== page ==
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The classic urn design has many areas that are conducive to ornamentation. Of course one of the most popular is the plain polished finish with no ornamentation at all. Most urn designs are perfectly suited for engraving. The common shape offers an excellent engraving area centering the hinge location of the clapper. This area is usually a pleasant rectangular shape that will hold a name or address nicely. Many manufacturers also design an engraving area onto the clapper. This shape can be a square or an oval depending on the manufacturer. The clapper area usually looks good whether it is engraved or not.
Different manufacturers describe them as Grecian Urns or Victorian Urns. Each appears to have some merit. It is possible that the relationship to eras revolves around the designs used as each period features its own distinctive style of ornamentation. Some are embellished with flower patterns while others have leaves and feathers. Among my personal favorites being an engraver is the old standard swirling vine pattern that generally seems to fit the urn door knocker form well. I have even come across them adorned with cherubs and angels.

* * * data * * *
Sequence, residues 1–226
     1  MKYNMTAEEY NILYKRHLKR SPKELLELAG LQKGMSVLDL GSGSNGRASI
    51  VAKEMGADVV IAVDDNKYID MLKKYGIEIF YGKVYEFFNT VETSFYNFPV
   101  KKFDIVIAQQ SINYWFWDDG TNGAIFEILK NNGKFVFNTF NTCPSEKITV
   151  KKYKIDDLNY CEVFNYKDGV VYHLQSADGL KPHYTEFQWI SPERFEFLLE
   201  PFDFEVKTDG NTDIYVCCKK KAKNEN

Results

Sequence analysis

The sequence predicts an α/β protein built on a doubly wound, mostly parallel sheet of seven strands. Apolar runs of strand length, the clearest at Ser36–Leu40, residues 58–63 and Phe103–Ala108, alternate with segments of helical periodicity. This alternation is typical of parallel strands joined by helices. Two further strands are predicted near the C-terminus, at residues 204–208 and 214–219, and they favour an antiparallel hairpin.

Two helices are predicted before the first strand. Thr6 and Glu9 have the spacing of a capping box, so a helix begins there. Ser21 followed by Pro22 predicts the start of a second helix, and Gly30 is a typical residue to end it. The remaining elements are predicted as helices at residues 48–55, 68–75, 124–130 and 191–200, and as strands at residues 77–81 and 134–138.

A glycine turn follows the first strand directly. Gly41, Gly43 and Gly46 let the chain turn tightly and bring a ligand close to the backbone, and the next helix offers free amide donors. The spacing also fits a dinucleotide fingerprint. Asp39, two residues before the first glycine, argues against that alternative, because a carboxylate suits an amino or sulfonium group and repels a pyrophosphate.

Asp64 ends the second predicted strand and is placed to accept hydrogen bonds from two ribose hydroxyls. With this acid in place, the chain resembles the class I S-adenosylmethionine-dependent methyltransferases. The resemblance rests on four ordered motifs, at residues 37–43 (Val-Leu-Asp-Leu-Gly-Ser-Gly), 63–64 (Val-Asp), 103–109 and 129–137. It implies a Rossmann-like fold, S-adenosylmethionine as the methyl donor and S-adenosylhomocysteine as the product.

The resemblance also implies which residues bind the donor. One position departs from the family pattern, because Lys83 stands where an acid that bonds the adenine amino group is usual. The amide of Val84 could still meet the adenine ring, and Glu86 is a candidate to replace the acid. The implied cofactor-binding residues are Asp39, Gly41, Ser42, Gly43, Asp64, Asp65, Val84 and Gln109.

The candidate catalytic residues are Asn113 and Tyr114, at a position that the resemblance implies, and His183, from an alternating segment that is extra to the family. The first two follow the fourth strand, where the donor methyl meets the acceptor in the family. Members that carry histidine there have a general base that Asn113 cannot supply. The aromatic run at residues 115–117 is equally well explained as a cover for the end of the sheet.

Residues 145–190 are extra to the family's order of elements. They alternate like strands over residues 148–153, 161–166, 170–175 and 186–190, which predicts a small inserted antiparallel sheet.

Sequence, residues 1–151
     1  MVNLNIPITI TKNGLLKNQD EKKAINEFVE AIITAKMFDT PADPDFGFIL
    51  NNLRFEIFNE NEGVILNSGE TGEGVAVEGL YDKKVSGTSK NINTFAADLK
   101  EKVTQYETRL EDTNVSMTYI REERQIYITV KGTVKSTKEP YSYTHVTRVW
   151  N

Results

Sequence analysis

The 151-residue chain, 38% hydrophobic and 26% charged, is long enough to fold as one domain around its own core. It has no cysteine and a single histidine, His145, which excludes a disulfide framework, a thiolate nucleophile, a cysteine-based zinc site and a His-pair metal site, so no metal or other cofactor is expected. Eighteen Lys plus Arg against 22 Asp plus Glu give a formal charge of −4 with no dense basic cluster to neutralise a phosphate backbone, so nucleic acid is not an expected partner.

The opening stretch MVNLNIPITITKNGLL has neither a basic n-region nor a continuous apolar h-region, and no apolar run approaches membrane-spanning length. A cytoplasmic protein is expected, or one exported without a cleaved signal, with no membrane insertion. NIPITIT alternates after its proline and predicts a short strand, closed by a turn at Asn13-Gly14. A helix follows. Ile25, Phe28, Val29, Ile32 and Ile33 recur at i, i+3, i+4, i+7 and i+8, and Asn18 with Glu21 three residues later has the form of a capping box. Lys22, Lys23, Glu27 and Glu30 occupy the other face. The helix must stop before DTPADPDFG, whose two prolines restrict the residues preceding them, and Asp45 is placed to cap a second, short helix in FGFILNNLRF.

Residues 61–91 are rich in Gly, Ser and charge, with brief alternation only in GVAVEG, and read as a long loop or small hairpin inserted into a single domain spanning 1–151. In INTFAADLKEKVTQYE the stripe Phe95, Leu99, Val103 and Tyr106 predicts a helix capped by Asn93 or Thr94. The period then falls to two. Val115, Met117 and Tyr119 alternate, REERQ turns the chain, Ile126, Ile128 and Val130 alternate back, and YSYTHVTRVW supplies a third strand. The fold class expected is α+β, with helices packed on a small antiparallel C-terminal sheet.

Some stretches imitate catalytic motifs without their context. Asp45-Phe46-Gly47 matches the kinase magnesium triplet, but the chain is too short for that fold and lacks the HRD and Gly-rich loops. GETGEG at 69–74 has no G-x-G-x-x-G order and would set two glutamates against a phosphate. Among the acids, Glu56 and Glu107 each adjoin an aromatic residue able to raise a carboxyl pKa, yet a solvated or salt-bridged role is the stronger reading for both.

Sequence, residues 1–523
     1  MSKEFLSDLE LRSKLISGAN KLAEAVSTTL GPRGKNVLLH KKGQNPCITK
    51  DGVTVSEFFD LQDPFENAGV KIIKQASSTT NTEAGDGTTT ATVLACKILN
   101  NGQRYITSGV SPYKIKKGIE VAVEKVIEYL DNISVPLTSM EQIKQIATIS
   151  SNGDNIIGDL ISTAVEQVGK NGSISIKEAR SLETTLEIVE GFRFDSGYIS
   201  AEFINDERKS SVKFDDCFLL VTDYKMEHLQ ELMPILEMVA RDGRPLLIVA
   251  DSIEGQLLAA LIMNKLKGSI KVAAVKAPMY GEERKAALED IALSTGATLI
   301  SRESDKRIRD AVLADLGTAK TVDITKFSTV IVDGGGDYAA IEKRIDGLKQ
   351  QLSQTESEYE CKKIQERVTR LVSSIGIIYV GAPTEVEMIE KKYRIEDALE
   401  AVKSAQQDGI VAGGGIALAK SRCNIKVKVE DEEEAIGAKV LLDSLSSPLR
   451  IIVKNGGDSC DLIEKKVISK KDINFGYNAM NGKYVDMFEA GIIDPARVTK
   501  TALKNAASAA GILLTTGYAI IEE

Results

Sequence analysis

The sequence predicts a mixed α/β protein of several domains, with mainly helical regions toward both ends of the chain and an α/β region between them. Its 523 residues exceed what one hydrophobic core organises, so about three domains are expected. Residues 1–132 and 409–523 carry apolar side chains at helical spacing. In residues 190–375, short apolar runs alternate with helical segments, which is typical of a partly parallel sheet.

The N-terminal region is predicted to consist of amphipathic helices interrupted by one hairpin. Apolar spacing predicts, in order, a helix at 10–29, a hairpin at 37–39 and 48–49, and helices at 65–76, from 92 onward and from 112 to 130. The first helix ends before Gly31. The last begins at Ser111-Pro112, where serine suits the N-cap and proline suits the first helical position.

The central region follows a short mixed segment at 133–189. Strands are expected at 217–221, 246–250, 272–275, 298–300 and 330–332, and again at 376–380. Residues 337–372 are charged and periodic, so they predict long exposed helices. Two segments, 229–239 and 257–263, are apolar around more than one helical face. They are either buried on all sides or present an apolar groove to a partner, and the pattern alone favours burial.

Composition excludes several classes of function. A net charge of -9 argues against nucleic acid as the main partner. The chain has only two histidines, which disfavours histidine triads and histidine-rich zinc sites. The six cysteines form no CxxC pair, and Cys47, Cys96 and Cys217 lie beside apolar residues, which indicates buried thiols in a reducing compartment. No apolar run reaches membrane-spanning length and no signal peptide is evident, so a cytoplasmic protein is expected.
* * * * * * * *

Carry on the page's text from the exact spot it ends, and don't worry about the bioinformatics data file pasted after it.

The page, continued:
The finish should match the rest of the hardware. Door knockers not only come in many finishes they are available in many types of metal. The most stable metal and probably the most common is brass. Brass is easy to machine and cast into shapes. It polishes into a bright gold like finish or satins easily and is easy to maintain. Brass also electroplates readily. This allows it to be nickel or copper plated to simulate pewter and bronze finishes. Because brass is non ferrous it will not rust. It will tarnish though for this reason a good lacquer finish is needed or your purchase will look terrible in a very short time.